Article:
In the study by Masaya-anon et al. [6] on the effect of inferior oblique recession in secondary IOOA, the overaction was reduced from +3 to +0.4 after surgery. In the present study, the final IOOA was successful in 93.75% in group I and 96.5% in group II, which is comparable to their study.

Ghazawy et al. [7] compared the effect of myectomy and anterior transposition on IOOA and found that these two methods led to almost similar results. Min et al. [8] reported a success rate of 25% for the myectomy method, which is much less than our results of myectomy technique, where the success rate reached 93.75%.

Our results were different than the study of Nabie et al. [9], who showed more successful results of myectomy than graded recession in reducing IOOA.

On the contrary, inferior oblique myectomy has shown to be technically more easy, with less manipulation, that is, no scleral suturing, and so could be considered as technically easier, with no significant difference in the results between the two techniques.

Regarding the mean operation time, it was less in group I of myectomy (6.25±0.58 min in the myectomy method), whereas the mean operation time in group II (graded recession method) was 7.52±0.62 min. Only one previous study compared the operation time of the two procedures. Nabie et al. [9] found that the mean operation time was 6.49±0.14 min in group I and 5.80±0.86 min in group II. This difference in operation time as one operation is more rapidly performed than the other, in our opinion, is not considered as an advantage of myectomy; this is because rapidity is not important, especially when we look at the advantage of anterior transposition and recession over myectomy in preservation of the muscle.

Preservation of the inferior oblique muscle and suturing it to a known position in graded recession is considered a great advantage if one needs to reoperate on inferior oblique muscle such as DVD. So, recession and anterior transposition may be considered a better option [9].

Sanjari et al. [10] in a retrospective study found a more success rate for myectomy group than graded recession group, which was different than our results.


  Conclusion Top


Both myectomy and graded recession of inferior oblique muscle can effectively reduce IOOA grade, while the success rate of graded recession method was found higher than myectomy method.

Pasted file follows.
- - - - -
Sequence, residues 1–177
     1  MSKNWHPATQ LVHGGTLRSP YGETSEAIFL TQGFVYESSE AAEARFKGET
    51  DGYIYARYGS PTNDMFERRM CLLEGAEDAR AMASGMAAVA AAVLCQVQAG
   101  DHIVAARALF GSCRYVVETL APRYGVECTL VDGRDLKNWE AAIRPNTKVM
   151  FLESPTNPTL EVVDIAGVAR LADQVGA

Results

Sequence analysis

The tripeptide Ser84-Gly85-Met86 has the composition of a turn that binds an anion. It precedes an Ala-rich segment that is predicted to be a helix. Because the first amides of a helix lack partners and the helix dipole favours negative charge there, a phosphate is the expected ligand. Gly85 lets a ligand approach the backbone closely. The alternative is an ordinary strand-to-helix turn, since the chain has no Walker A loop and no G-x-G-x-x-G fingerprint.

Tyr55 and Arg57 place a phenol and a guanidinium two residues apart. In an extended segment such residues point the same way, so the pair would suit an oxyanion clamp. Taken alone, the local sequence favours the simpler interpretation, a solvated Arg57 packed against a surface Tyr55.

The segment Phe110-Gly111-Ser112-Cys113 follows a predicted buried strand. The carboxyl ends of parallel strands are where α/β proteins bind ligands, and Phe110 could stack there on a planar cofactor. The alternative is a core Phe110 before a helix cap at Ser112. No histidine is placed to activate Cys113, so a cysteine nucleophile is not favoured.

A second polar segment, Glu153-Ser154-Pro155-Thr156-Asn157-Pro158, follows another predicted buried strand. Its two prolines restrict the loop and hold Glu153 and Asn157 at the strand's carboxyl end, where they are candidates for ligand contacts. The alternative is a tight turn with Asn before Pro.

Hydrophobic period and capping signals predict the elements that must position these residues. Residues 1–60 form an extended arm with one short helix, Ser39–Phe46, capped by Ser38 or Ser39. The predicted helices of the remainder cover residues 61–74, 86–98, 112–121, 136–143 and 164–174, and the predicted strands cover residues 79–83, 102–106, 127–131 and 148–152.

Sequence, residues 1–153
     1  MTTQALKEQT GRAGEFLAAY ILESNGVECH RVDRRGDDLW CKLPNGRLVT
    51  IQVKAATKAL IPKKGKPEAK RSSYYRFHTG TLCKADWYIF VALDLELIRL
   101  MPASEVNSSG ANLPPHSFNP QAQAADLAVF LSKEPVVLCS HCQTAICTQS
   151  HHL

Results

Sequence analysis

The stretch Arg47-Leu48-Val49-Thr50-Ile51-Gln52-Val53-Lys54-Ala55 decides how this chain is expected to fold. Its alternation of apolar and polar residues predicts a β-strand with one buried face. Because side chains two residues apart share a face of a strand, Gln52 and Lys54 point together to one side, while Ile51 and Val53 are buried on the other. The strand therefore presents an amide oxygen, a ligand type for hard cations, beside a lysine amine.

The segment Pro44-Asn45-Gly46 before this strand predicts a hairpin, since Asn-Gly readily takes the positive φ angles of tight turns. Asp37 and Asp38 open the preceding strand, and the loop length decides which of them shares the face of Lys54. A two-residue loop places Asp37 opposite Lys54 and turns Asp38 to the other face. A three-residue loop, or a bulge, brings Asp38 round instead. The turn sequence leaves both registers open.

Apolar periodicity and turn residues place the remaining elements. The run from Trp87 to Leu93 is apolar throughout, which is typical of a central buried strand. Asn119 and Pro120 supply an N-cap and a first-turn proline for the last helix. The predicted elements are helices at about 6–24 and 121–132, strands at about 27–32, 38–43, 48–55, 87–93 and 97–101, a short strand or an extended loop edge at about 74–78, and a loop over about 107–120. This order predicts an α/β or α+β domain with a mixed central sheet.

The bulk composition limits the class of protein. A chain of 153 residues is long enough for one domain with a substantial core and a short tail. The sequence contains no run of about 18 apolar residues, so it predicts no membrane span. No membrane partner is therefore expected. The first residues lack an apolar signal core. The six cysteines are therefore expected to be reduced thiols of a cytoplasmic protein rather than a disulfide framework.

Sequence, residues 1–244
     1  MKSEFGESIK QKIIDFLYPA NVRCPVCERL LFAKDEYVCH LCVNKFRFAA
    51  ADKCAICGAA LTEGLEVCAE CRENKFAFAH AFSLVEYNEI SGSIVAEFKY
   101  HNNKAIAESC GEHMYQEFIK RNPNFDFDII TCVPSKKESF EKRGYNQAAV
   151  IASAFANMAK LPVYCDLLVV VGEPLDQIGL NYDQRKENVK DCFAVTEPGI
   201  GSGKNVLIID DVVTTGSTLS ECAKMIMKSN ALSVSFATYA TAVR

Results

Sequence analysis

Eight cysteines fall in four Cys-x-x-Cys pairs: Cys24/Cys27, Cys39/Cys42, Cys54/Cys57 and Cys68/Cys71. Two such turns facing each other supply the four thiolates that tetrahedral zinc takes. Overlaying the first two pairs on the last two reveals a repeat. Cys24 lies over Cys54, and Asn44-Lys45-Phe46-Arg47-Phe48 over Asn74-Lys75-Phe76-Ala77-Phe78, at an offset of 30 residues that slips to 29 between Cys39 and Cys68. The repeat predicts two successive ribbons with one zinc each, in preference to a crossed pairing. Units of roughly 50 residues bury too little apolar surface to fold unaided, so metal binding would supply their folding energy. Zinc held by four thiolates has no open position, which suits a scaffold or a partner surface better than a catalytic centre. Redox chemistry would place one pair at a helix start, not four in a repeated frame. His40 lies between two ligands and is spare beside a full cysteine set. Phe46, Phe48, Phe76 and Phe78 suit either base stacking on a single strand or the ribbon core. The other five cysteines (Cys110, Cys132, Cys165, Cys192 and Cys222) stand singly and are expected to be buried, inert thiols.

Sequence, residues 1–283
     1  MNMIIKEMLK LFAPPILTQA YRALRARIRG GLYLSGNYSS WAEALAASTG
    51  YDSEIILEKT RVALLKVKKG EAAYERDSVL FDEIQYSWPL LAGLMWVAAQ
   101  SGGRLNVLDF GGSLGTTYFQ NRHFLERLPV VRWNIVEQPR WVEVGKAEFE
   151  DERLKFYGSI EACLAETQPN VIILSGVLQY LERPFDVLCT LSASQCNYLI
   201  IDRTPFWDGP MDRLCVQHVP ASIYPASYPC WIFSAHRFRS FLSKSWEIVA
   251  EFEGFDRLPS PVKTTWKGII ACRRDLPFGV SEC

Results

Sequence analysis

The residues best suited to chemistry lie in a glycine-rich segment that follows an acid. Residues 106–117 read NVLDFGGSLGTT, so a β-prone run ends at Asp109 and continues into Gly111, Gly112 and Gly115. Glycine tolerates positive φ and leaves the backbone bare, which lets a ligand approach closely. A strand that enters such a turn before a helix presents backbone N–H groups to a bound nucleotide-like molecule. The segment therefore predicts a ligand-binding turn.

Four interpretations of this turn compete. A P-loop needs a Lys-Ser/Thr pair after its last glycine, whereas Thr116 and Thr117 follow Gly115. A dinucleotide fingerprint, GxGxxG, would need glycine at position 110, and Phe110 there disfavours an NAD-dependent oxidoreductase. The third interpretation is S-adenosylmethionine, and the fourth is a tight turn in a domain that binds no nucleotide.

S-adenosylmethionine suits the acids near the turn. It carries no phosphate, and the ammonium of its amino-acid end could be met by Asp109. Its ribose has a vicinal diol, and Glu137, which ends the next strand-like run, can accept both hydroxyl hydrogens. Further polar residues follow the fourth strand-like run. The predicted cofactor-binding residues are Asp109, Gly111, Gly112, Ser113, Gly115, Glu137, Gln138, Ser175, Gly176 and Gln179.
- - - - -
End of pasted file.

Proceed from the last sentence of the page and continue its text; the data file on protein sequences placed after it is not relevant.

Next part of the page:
Financial support and sponsorship

Nil.

Conflicts of interest

None declared.



 
  References Top

1.
Von Noorden GK, Campos EC. Binocular vision and ocular motility. 6th ed. St Louis: Mosbi; 2002.  Back to cited text no. 1
    
2.
Rosenbaum AL, Santiago AP. Clinical strabismus management. 1st Ed. Philadelphia, USA: W.B. Saunters Company; 1999.  Back to cited text no. 2
    
3.
Wright KW. Inferior oblique muscle weakening procedures, 3rd Ed: color atlas of strabismus surgery. USA: Springer Science+Business Media Inc.; 1991. 166–179.  Back to cited text no. 3
    
4.
Moon K, Lee S. The effect of graded recession and anteriorization on unilateral superior oblique palsy. Korean J Ophtalmol 2006; 20:188–191.  Back to cited text no. 4
    
5.
Singh V, Agarwal S. Outcome of unilateral inferior oblique recession. J Pediatr Ophthalmol Strabismus 2009; 46:350–357.  Back to cited text no. 5
    
6.
Masaya-anon P, Subhangkasen I, Hiriotappa J. The surgical outcome of inferior oblique recession on bilateral superior oblique palsy in children. J Med Assoc Thail 2009; 92:217–223.  Back to cited text no. 6
    
7.
Ghazawy S, Reddy AR, Kipioti A, McShane P, Arora S, Bradbury JA. Myectomy versus anterior transposition for inferior oblique overaction. J AAPOS 2007; 11:601–605.  Back to cited text no. 7
    
8.
Min BM, Park JH, Kim SY, Lee SB. Comparison of inferior oblique muscle weakening by anterior transposition or myectomy: a prospective study of 20 cases. Br J Ophthalmol 1999; 83:206–208.  Back to cited text no. 8
    
9.
Nabie R, Raoufi S, Hassanpour E, Nikniaz L, Kharrazi B, Mamaghani S. Comparing anterior transposition with myectomy in primary inferior oblique overaction – a clinical trial. J Curr Ophthalmol 2019; 31:422–425.  Back to cited text no. 9
    
10.
Sanjari MS, Shahraki K, Nekoozadeh S, Tabatabaee SM, Shahraki K, Aghdam KA. Surgical treatments in inferior oblique muscle overaction. J Ophthalmic Vis Res 2014; 9:291–295.  Back to cited text no. 10
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    Figures

  [Figure 1], [Figure 2], [Figure 3], [Figure 4], [Figure 5], [Figure 6]
 
 
    Tables

  [Table 1], [Table 2], [Table 3], [Table 4]



 

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Patients and methods